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Ethereum ETH Constantinople Hard Fork Is Around the Corner- Leaks

Redwan Eid | Dec. 13, 2018
Ethereum ETH Constantinople Hard Fork Is Around the Corner- Leaks

December 13, 2018 AtoZ Markets - The work on the Ethereum ETH Constantinople upgrade is continuing apparently, where a software client of the aforementioned platform has published an updated code, containing an activation time on GitHub.

The post published on Dec. 11, informs that “Geth”, which refers to “go Ethereum” v1.8.20, allows the Constantinople hard fork on the Ethereum mainnet at block 7,080,000, and is identified as one of the three original procedures the Ethereum protocol implements.

“It's also our last planned release of the 1.8 family, meaning that we'll start merging backwards incompatible changes onto master in preparation of Geth 1.9.0.”, read the post as well.

According to the agreement the head developers held on Dec. 7, that Constantinople hard fork at block 7,080,000.

The fork contains five separate Ethereum Improvement Proposals (EIPs) to alleviate the transition from proof-of-work (PoW) to the more energy-efficient proof-of-stake (PoS) consensus algorithm.

The new upgrade is said to have a potential improvement

PoS is said to fundamentally change the Ethereum blockchain as for the upcoming new upgrades, as it is supposed to have been built to prevent any backward compatibility, meaning that nodes must either update synchronically with the entire system or carry on running as a separate blockchain entity.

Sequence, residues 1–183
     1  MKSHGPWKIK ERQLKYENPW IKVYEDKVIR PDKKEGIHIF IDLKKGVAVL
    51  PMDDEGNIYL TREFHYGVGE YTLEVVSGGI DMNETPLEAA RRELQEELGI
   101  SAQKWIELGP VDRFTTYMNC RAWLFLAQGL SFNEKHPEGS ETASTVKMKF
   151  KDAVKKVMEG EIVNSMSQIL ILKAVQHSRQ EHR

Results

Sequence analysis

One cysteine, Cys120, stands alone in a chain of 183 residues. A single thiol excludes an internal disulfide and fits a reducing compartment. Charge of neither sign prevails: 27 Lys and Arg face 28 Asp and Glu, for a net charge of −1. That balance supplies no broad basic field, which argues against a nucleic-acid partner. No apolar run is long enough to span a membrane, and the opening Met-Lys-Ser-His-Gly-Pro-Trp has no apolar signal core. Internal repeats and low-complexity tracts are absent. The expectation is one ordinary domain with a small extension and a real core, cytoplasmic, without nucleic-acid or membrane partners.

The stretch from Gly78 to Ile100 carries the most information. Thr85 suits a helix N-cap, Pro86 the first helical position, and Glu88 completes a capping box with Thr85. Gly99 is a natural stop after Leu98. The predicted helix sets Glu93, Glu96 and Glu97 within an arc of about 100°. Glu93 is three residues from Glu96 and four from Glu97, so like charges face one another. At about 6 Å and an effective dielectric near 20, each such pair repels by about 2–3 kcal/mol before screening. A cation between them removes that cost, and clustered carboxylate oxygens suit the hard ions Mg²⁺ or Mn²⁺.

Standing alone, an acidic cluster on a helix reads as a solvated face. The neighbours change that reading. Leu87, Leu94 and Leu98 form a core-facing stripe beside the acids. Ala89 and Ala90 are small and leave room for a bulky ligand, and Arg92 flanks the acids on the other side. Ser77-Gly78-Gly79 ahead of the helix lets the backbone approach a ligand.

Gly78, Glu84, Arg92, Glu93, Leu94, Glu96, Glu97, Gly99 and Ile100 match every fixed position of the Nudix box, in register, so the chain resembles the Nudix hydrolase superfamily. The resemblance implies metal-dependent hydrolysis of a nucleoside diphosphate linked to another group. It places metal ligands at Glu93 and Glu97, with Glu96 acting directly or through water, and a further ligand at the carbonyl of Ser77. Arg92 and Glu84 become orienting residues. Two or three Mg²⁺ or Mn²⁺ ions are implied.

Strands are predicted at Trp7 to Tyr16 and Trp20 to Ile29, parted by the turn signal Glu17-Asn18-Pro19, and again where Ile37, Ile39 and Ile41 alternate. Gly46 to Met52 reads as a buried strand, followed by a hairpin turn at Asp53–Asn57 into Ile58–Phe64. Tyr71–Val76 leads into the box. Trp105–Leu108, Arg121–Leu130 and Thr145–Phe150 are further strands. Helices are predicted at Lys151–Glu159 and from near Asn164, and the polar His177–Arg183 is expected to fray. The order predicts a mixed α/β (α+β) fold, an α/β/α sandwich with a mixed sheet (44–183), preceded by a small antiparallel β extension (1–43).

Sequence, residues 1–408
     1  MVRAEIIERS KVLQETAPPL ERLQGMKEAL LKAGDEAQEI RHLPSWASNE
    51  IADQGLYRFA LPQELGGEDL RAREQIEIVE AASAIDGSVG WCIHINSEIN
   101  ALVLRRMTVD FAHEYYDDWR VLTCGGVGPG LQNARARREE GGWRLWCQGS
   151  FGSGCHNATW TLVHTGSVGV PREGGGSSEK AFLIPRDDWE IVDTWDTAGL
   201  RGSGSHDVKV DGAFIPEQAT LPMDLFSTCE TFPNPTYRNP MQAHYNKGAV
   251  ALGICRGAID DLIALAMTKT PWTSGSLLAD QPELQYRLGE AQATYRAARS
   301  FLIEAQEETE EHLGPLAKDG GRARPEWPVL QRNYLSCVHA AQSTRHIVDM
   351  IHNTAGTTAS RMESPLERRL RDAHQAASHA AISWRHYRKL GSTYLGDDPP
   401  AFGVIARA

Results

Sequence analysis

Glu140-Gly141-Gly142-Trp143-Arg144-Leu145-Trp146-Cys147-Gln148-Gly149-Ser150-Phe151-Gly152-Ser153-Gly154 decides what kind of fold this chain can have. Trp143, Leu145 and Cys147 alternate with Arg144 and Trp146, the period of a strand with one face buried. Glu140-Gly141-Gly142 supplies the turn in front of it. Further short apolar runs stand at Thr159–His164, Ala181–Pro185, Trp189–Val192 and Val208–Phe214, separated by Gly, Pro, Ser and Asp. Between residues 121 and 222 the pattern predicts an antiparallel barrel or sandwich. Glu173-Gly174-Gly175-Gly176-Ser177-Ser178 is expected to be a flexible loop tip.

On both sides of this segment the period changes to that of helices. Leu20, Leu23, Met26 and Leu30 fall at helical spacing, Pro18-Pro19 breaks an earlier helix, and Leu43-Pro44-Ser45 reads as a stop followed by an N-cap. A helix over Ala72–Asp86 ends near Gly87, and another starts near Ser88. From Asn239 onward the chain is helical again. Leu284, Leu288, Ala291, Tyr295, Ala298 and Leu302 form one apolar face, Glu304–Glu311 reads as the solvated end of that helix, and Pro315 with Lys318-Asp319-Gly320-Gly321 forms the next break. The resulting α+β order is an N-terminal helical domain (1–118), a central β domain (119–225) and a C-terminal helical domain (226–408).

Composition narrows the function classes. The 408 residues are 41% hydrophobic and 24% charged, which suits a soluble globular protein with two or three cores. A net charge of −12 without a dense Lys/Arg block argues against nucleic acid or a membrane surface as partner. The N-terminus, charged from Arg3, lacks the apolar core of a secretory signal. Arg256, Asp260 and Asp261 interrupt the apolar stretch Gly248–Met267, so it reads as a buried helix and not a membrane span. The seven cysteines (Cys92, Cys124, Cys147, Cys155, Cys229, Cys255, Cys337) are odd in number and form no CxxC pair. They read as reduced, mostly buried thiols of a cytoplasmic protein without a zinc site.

It was decided before to delay the Constantinople hard fork for late January 2019 due to a consensus issue, which showed up in the upgrade trial on the Ropsten testnet in October.

In his turn, Ethereum co-founder Vitalik Buterin declared recently that future blockchains with sharding based on PoS will be “thousands of times more efficient.”

Relying on the advances of scalability and the improvement of user experience, non-financial applications will become “a bigger part of the story.”

Buterin referred to that blockchains are not about “cutting computational costs,” but are instead about increasing computational costs while decreasing “social costs.”

Disclaimer: The views and opinions expressed in this article are solely those of the author and do not reflect the official policy or position of AtoZ Markets.com, nor should they be attributed to AtoZMarkets.